Sunday, September 23, 2012

Remember the Chris Christie Economic/Fiscal Success in New Jersey – Don’t Remember It Because It’s Didn’t Happen

Gov. Christie:  All Hat and No Cattle as They Say in Texas – Where Economic Strength is Real

Since he was elected Governor of New Jersey in 2009 Chris Christie has been pursuing traditional Republican economic policy, and at least according to Mr. Christie it has been a great success.  This so-called great success led to Mr. Christie’s keynote address to the Republican national convention, and talk of possible national office. 

Gov. Chris Christie of New Jersey rose to stardom in the national Republican Party by promoting himself as a fiscal conservative willing to make the “hard choices” to restore sound budgeting to his state.

But like much of Republican policy, the reality is that the hype and the spin and the propaganda is at odds with the real world.  Mr. Christie has disdainfully dismissed his critics

But for much of the last year, Democrats and independent budget analysts have argued that his current budget was built on wishful thinking, and assumed that the state’s lagging economy would grow faster than that of almost anywhere else in the nation. In his typical blunt style, Mr. Christie dismissed those doubters as “rooting for failure.”

But now his critics include an independent bond rating agency, a critic that cannot be dismissed.

On Tuesday, his frequent assertions of a “New Jersey Comeback” came under fresh scrutiny, this time from Standard & Poor’s, which downgraded the state’s financial outlook to negative from stable.

The ratings agency said it lowered its outlook because it believed the governor’s revenue projections for the current fiscal year were overly optimistic, warning that the budget was structurally unsound. In particular, the agency took note of the administration’s reliance on one-time transfers of money to fill gaps in the state’s $32 billion budget. At the same time, it noted that the state will have to spend more in the coming years to meet pension and Medicaid obligations.

And no, S & P is not alone in its conclusions.

The assessment comes a week after the state’s nonpartisan Office of Legislative Services reported that revenue for the fiscal year that ended in June fell $254 million short of what the governor had anticipated, with a particularly large decline — 9 percent — in corporate tax revenue. The state’s unemployment rate has risen to 9.8 percent, higher than all but those of California, Nevada and Rhode Island.
Moody’s Investors Service and Fitch Ratings, the two other big ratings agencies, have also recently warned that revenues would lag behind the governor’s expectations, which would require significant revisions to this year’s spending plan because state law requires a balanced budget. Moody’s warned that the revenue shortfalls “leave the state exposed to a midyear structural imbalance.”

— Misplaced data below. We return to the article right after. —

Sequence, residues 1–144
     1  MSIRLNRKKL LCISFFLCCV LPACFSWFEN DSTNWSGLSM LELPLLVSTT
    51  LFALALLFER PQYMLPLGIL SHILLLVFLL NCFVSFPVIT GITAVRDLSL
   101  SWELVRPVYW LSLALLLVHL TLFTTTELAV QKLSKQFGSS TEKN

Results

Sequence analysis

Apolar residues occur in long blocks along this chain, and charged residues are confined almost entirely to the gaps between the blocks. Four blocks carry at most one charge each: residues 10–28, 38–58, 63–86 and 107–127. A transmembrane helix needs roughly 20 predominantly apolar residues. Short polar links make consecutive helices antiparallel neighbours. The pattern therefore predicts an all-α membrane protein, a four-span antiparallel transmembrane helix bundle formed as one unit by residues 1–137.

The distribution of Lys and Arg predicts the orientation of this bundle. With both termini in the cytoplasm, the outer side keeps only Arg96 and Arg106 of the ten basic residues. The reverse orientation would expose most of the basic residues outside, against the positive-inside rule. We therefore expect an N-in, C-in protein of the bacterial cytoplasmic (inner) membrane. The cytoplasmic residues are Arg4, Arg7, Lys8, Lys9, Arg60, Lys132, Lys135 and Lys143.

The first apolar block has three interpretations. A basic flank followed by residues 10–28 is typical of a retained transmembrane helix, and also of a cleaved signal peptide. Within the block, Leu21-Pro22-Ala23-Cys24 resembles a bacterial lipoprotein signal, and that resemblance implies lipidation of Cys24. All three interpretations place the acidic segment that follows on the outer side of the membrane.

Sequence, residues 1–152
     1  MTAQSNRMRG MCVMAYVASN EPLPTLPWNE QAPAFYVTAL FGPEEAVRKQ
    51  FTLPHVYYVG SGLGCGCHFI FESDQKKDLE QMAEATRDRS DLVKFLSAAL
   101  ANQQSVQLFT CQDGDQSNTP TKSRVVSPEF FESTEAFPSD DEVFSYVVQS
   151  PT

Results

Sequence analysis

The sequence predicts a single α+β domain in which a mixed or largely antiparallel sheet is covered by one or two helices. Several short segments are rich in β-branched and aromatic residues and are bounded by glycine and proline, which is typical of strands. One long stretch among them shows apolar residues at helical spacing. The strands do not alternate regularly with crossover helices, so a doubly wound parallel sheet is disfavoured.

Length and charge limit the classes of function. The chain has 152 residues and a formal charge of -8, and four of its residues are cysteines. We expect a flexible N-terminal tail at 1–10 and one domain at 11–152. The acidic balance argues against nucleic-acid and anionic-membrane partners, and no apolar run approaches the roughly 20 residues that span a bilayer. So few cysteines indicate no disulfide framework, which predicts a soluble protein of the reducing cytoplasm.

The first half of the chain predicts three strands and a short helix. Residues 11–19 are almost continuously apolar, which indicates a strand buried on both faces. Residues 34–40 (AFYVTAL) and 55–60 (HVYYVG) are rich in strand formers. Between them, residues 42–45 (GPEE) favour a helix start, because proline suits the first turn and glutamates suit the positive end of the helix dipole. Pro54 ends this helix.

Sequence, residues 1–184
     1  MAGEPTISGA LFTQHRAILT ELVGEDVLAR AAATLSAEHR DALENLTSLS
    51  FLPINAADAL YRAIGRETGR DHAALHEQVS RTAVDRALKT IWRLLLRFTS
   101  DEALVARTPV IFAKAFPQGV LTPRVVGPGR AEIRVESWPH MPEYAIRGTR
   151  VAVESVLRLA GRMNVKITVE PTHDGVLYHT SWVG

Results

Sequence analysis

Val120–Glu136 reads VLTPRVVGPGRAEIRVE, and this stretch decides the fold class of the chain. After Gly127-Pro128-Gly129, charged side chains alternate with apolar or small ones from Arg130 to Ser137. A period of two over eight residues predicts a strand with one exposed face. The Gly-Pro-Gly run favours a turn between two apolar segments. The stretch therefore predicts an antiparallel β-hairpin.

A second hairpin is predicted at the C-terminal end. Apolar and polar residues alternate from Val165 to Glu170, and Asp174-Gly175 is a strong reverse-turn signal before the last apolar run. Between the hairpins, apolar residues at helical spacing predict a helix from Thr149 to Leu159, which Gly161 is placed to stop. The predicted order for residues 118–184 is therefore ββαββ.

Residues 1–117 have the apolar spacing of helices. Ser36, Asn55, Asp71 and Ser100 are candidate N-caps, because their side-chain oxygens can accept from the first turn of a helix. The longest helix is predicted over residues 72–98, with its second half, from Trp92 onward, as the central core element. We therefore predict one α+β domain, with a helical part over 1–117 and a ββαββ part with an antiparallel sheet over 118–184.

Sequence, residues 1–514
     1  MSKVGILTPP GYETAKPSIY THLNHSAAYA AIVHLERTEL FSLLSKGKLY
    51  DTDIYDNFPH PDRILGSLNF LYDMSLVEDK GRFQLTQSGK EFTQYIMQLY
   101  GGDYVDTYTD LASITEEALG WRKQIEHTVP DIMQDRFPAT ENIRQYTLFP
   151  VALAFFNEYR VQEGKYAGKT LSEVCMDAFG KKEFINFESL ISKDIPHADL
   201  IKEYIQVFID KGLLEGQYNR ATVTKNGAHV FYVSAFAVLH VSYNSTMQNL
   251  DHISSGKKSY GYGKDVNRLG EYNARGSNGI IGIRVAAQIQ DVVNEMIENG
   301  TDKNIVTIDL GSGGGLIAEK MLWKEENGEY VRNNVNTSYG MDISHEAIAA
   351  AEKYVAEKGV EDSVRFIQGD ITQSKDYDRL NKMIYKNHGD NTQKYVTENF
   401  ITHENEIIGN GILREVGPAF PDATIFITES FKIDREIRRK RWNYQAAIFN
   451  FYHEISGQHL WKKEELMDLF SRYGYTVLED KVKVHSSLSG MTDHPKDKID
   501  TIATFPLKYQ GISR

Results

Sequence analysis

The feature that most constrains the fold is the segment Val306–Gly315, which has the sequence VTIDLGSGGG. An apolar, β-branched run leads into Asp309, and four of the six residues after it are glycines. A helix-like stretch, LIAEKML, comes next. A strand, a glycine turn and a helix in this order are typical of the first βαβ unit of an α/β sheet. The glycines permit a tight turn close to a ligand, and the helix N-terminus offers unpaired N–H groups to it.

Of course, rather than addressing the issue head on Mr. Christie used his typical bullying to attack those who disagree with his unreal positions.

In March and again in May, the director of the Office of Legislative Services, David J. Rosen, warned that revenues were lagging. Mr. Christie dismissed him as “the Dr. Kevorkian of the numbers” and accused him of working on behalf of Democrats.

But now the New Jersey government is unable to rebut its critics with facts and analysis, the usual way that a serious person takes a position.

The governor’s office directed questions to the state treasury. Andrew Pratt, a treasury spokesman, issued a statement playing down the revised outlook and emphasizing instead that Standard & Poor’s, along with Moody’s and Fitch, had for now affirmed the state’s credit ratings.

“We believe investors will find S.&P.’s arguments to be out of step, and its basis for revising New Jersey’s outlook unconvincing, particularly in the face of the continued growth in New Jersey’s economy and state revenues,” Mr. Pratt said.

He declined to detail how the administration found fault with the Standard & Poor’s assessment.

That’s right, everything is ok, don’t believe those independent agencies who analyze this stuff for a living, trust the politicians.

As for Mr. Christie, well he is changing the tune, no longer singer the same old song.

Mr. Christie, who continued to press for the tax cut Tuesday at a town-hall-style meeting in Elmwood Park, appears to have jettisoned the phrase “New Jersey Comeback.” He declined to use it last month during his keynote address to the Republican National Convention. And for town hall meetings, he has adopted a new slogan: “Christie Middle Class Reform Agenda.”

Well, some of the old song remains, the part about how tax cuts will help balance the budget.  For Republicans some of the old time religion just can never ever be replaced by reality.  And after all, he really only has to fool 51% of the people, how hard can that be?

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